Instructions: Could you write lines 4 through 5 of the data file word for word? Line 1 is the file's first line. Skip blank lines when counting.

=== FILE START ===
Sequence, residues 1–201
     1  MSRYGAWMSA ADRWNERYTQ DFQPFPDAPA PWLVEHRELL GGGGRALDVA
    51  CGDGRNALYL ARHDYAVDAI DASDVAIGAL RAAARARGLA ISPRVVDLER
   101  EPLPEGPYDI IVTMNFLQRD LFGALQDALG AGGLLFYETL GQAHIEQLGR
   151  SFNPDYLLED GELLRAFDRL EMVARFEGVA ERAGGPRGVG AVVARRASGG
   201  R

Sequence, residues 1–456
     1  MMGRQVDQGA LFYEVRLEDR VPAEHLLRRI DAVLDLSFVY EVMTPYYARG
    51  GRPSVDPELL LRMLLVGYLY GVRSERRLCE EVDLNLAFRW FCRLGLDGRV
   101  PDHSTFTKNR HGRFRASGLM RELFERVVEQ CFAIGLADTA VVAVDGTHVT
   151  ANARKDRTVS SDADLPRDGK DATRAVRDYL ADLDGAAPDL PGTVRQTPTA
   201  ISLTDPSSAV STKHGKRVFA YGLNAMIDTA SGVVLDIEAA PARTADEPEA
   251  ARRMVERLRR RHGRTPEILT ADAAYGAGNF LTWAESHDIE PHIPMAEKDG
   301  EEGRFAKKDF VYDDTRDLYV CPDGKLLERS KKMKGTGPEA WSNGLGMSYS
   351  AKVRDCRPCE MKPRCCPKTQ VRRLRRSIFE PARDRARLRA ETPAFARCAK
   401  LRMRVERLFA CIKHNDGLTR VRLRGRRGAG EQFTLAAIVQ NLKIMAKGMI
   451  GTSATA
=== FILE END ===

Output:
   101  EPLPEGPYDI IVTMNFLQRD LFGALQDALG AGGLLFYETL GQAHIEQLGR
   151  SFNPDYLLED GELLRAFDRL EMVARFEGVA ERAGGPRGVG AVVARRASGG